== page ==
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Tony’s Place Has a New Home

The drop-in shelter for LGBTQ and ally youth is back in Montrose.

Volunteers from AAA Texas helped Tony’s Place set up it’s new center (courtesy photo)

Tony’s Place, a Houston drop-in center for at-risk LGBTQ youth and their allies, now has a new home in Montrose. 

Founded in 2016 and named after the late community leader Tony Carroll, Tony’s Place operated for its first year out of an old two-story home on Montrose Boulevard. Operations then moved into a Midtown space they shared with the Salvation Army’s Young Adult Resource Center. 

“We left there early in the pandemic to focus on street outreach,” says Lindsay Konlande, communications director for Tony’s Place. “We tried to find a new space last year, but the City permitting just didn’t work out for our needs.” 

The commercial property they were considering had around 5,000 square feet of space—enough for a kitchen, bathrooms, laundry room, office space, multipurpose rooms for groups, and desperately needed storage space for clothes, toiletries, and other street-outreach supplies. But the task of bringing the building up to code was just too much.

After two years without its own building, Tony’s Place finally found a suitable new home and moved in during July. The stand-alone Montrose building is part of the Bering Church’s Open Gate campus on Hawthorne Street. Open Gate focuses on 18- to 30-year-old homeless young adults of any sexual orientation or gender identity, but with a fundamental commitment to provide a safe and welcoming place for the LGBTQ young adults who generally have a very difficult time at shelters and agencies.

“This is a much better facility for us,” says Konlande. “We have our own entrance; it has a kitchen space and rooms for the donations where our members can ‘shop’ for clothing and toiletries. It also has washers and dryers and showers—whatever our members need. It’s been two years in the making, but it’s perfect. It’s a testament to our staff and volunteers, who have been doing street outreach for LGBTQ+ youth [through] pop ups at our partners’ spaces, answering phones and securing housing.”

Move-in costs have been minimal, since the space mainly needed painting and carpet cleaning. But that’s just Phase 1. 

“Phase 2 will be getting new computers and kitchen appliances,” she adds. “We’ve had a lot of support from our regular donors. They never stopped fundraising during the past two years.”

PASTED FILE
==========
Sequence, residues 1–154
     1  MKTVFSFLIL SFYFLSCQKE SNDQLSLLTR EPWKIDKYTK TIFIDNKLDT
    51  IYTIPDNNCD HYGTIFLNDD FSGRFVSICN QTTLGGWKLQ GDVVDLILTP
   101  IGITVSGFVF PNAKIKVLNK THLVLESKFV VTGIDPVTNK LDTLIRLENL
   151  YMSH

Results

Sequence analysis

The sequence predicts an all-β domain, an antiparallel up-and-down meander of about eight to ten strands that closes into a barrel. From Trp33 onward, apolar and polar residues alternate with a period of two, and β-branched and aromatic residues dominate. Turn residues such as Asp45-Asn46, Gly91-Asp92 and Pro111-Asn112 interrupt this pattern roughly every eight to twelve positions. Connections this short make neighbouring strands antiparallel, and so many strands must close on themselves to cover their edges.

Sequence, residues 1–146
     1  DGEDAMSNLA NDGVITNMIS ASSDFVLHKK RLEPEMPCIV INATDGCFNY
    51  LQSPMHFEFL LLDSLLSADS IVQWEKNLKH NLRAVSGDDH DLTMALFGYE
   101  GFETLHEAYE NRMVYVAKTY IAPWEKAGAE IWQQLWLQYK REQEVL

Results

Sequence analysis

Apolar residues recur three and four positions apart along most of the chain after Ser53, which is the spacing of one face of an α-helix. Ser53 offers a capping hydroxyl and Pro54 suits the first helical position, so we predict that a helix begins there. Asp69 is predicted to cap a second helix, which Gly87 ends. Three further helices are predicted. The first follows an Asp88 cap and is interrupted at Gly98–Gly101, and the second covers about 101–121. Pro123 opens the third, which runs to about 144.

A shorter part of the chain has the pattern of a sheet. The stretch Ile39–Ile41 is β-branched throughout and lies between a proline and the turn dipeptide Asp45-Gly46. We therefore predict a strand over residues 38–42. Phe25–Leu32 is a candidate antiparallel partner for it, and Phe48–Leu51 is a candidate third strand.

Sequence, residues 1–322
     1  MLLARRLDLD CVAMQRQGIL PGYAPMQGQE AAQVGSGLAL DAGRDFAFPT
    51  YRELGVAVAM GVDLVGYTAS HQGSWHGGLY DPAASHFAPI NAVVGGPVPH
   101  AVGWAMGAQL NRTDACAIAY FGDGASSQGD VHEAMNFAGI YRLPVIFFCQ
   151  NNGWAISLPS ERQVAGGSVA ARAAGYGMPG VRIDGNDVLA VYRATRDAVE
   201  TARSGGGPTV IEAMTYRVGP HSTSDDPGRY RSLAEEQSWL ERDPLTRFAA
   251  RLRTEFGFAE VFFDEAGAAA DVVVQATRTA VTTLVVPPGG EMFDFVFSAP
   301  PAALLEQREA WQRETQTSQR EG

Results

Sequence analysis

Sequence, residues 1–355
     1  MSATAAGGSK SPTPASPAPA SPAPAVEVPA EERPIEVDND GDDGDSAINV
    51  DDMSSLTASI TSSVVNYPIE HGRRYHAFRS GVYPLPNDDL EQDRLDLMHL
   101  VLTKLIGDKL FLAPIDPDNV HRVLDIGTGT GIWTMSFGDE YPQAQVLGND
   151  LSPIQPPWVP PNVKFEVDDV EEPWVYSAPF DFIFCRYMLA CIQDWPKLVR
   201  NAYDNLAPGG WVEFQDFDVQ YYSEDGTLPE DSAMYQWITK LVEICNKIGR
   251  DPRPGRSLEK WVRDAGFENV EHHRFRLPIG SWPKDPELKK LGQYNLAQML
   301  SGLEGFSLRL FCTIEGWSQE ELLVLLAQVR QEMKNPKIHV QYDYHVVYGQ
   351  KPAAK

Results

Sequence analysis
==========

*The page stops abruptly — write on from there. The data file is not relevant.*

This month, Tony’s Place will open for five hours on Saturdays as they work toward expanding their hours in the future. The mission is to provide unstably housed or homeless LGBTQ youth and allies (up to age 25) with day-to-day survival needs—clothing, food, hygiene needs, and resources. The nonprofit plans to work with 25 to 50 youths at a time. 

“We don’t provide overnight housing,” Konlande says, “but we can get them to our partners that do, and then work on long-term housing needs. Three of our four staffers are certified to offer assistance with government-housing options. Often, we are dealing with youth who have aged out of the foster system and have nowhere else to go.”

In the United States, 4.2 million youth experience homelessness each year, with LGBTQ youth 120 percent more likely to experience homelessness than their non-LGBTQ peers, according to the National Network for Youth. Family conflict is the most common cause of all youth homelessness. For LGBTQ youth in particular, the conflict tends to be over their sexual orientation or gender identity.

“This new space really means we have an opportunity to help more youths,” says Konlande. “This space will help affirm them and empower them. We want to bring in partners to offer classes to them. Maybe cooking classes and budgeting—whatever they need to get them on their feet.

“In a perfect world, there would be no need for Tony’s Place,” she concludes. But until then, organizations like Tony’s Place—with the help of generous donations—are here to help. 

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This article appears in the August 2022 edition of OutSmart magazine.

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Marene Gustin

Marene Gustin has written about Texas culture, food, fashion, the arts, and Lone Star politics and crime for television, magazines, the web and newspapers nationwide, and worked in Houston politics for six years. Her freelance work has appeared in the Austin Chronicle, Austin-American Statesman, Houston Chronicle, Houston Press, Texas Monthly, Dance International, Dance Magazine, the Advocate, Prime Living, InTown magazine, OutSmart magazine and web sites CultureMap Houston and Austin, Eater Houston and, among others.
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